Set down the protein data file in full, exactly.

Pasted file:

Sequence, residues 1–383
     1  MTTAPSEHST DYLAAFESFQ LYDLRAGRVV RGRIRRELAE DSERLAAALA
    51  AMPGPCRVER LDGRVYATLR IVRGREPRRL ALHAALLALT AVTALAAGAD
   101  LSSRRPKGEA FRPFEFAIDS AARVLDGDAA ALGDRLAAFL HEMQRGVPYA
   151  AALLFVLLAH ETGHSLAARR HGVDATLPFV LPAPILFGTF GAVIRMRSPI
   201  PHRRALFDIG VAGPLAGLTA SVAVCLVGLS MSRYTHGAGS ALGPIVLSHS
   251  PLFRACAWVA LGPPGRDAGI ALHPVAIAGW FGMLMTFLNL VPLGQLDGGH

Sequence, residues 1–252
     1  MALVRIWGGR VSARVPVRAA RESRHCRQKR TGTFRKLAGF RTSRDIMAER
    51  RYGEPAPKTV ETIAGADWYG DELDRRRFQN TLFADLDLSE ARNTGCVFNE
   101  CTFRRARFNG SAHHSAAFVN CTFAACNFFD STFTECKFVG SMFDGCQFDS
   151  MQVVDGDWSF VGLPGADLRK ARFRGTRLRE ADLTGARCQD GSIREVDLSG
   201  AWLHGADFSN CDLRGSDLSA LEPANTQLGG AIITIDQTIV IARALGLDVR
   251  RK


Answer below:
Sequence, residues 1–383
     1  MTTAPSEHST DYLAAFESFQ LYDLRAGRVV RGRIRRELAE DSERLAAALA
    51  AMPGPCRVER LDGRVYATLR IVRGREPRRL ALHAALLALT AVTALAAGAD
   101  LSSRRPKGEA FRPFEFAIDS AARVLDGDAA ALGDRLAAFL HEMQRGVPYA
   151  AALLFVLLAH ETGHSLAARR HGVDATLPFV LPAPILFGTF GAVIRMRSPI
   201  PHRRALFDIG VAGPLAGLTA SVAVCLVGLS MSRYTHGAGS ALGPIVLSHS
   251  PLFRACAWVA LGPPGRDAGI ALHPVAIAGW FGMLMTFLNL VPLGQLDGGH

Sequence, residues 1–252
     1  MALVRIWGGR VSARVPVRAA RESRHCRQKR TGTFRKLAGF RTSRDIMAER
    51  RYGEPAPKTV ETIAGADWYG DELDRRRFQN TLFADLDLSE ARNTGCVFNE
   101  CTFRRARFNG SAHHSAAFVN CTFAACNFFD STFTECKFVG SMFDGCQFDS
   151  MQVVDGDWSF VGLPGADLRK ARFRGTRLRE ADLTGARCQD GSIREVDLSG
   201  AWLHGADFSN CDLRGSDLSA LEPANTQLGG AIITIDQTIV IARALGLDVR
   251  RK